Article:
Exploring the molecular (coping) mechanisms utilized by copepods to combat a stressful marine world
Thursday, April 5, 2012 Redfield Auditorium - 12:00 Noon Ms. Amalia Aruda Ph.D. Candidate, Joint Program in Biological Oceanography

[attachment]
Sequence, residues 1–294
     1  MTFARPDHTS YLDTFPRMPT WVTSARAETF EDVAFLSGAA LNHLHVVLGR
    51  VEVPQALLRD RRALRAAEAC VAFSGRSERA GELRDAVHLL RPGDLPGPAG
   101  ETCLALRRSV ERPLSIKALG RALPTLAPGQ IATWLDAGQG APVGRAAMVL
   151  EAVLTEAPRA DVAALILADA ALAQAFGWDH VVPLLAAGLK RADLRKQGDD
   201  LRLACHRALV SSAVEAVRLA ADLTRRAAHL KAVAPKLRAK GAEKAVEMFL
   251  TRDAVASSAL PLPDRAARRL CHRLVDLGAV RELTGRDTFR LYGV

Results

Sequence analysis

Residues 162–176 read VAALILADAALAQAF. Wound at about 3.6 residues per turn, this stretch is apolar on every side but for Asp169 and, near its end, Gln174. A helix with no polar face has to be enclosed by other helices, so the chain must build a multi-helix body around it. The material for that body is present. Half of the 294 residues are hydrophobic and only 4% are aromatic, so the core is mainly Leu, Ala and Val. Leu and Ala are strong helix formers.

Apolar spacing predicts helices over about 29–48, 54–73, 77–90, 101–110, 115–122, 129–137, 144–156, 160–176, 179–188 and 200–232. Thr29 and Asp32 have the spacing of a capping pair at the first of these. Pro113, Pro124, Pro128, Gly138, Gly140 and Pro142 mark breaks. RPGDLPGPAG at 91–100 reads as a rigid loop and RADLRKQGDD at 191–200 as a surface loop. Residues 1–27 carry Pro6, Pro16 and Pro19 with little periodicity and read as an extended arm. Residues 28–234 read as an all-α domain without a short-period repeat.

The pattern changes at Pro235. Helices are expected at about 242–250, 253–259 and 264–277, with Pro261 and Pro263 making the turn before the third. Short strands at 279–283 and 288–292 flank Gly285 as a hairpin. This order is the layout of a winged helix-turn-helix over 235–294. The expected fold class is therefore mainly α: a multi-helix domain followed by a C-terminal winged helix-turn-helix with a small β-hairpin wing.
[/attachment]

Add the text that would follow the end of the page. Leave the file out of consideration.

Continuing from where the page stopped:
The ecological success of the dominant large copepod in the North Atlantic, Calanus ﬁnmarchicus, is facilitated by its ability to enter a diapause (i.e., dormant) state. Despite the ecological significance of diapause, surprisingly little is understood about the internal mechanisms that regulate this adaptive response in calanoid copepods. Heat shock proteins (Hsps) are a superfamily of molecular chaperones, which often are upregulated during diapause and in response to stress in arthropods. To gain insight into the role of Hsps in C. finmarchicus, we cloned 8 Hsps and examined their expression in relation to the diapause state and in response to handling stress. We found that of several small Hsps that are upregulated during diapauses in the brine shrimp Artemia franciscana, only Hsp22 is also upregulated during diapause in C. finmarchicus. This difference suggests that the extent of Hsp involvement in diapause may be correlated with the relative intensity of the diapause state. I will also discuss my current thesis work that explores the molecular and physiological response of copepods to bacterial associations. Although it is known that copepod bodies are “hotspots” of bacterial activity, we lack a mechanistic understanding of how copepods interact with their microbial flora. By characterizing the physiological response of copepods to different bacterial species, we can gain insight into the dynamic influence of copepod hosts on their microflora.
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